Illinois at Indiana football update and analysis from Andy Graham

Well, internet connectivity issues precluded my joining you in time to set the scene, or even in time to document Shane Wynn’s electrifying 99-yard kickoff return that got the Hoosiers a 7-0 lead 12 seconds into the game, and the subsequent Illini 3-and-out and IU’s first possession from scrimmage that produced one first down, then stalled. Will try to be more timely from here on out. As always, thanks for joining us. Updates and analysis will ensue below the fold.


Indiana 10, Illinois 0, 5:55. Mitch Ewald connected on a 44-yard field goal to increase the Hoosier lead after a fumble recovery by Brandon McGhee set the Hoosiers up at their own 47. Strong running right up the gut by Stephen Houston behind some good blocking got IU to the Illini 29 before a low/dropped pass helped thwart the momentum. Still, a great start for IU on both sides of the ball. The Hoosiers have been opportunistic.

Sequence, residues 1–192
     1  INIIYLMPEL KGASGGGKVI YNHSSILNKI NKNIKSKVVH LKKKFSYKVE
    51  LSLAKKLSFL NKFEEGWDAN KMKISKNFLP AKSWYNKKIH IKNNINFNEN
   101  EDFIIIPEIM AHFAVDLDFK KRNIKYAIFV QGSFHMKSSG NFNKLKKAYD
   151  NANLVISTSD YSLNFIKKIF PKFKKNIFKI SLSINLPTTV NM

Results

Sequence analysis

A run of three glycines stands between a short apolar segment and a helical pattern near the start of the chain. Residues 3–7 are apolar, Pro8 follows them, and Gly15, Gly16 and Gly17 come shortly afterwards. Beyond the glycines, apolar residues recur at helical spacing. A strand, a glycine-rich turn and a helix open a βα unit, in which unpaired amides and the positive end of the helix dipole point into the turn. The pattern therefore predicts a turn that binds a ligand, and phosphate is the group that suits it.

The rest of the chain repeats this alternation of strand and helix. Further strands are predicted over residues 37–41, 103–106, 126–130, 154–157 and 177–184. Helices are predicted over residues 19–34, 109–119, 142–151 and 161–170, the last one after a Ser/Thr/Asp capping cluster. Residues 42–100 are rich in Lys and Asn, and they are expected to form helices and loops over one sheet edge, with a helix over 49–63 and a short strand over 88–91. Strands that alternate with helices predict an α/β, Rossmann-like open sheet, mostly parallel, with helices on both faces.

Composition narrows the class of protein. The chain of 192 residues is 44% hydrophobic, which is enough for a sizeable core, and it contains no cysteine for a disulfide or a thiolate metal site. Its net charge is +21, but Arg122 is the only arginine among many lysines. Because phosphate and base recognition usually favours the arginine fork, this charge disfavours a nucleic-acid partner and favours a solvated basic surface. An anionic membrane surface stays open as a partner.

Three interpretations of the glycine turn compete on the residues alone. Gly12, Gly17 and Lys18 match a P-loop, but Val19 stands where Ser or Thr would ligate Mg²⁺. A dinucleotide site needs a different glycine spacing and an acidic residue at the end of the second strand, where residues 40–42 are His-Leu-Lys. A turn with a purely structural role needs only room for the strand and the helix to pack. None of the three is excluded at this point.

Indiana 10, Illinois 7, 4:22. The Hoosiers had Illinois in a 3rd-and-11 and totally sold out on a blitz, but it was picked up and Nathan Scheelhaase hooked up with A.J. Jenkins for about as easy a 75-yard scoring pass as you’ll see. It had to be a blown coverage, in the context of the blitz, because Forisse Hardin was the only Hoosier left in the secondary and had to cover the entire field, which obviously is beyond the capacity of any one guy. The only explanation, seemingly, would be that somebody (and maybe more than one guy) blitzed when they weren’t supposed to. I know the staff wants to be aggressive, but that blitz was clearly not what they had in mind.